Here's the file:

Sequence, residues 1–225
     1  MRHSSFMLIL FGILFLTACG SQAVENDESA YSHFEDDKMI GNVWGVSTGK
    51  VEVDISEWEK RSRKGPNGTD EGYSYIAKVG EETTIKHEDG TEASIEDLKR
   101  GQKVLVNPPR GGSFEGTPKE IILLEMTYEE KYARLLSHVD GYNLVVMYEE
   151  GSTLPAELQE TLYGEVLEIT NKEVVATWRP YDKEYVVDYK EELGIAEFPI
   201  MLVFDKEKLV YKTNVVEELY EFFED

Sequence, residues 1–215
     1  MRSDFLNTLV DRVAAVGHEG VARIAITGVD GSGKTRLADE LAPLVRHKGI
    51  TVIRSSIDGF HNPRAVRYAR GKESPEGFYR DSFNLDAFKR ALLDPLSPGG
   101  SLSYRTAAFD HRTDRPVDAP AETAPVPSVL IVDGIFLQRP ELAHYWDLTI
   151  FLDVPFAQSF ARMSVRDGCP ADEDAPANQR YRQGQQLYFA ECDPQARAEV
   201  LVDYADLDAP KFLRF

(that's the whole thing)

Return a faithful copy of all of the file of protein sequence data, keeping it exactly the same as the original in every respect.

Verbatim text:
Sequence, residues 1–225
     1  MRHSSFMLIL FGILFLTACG SQAVENDESA YSHFEDDKMI GNVWGVSTGK
    51  VEVDISEWEK RSRKGPNGTD EGYSYIAKVG EETTIKHEDG TEASIEDLKR
   101  GQKVLVNPPR GGSFEGTPKE IILLEMTYEE KYARLLSHVD GYNLVVMYEE
   151  GSTLPAELQE TLYGEVLEIT NKEVVATWRP YDKEYVVDYK EELGIAEFPI
   201  MLVFDKEKLV YKTNVVEELY EFFED

Sequence, residues 1–215
     1  MRSDFLNTLV DRVAAVGHEG VARIAITGVD GSGKTRLADE LAPLVRHKGI
    51  TVIRSSIDGF HNPRAVRYAR GKESPEGFYR DSFNLDAFKR ALLDPLSPGG
   101  SLSYRTAAFD HRTDRPVDAP AETAPVPSVL IVDGIFLQRP ELAHYWDLTI
   151  FLDVPFAQSF ARMSVRDGCP ADEDAPANQR YRQGQQLYFA ECDPQARAEV
   201  LVDYADLDAP KFLRF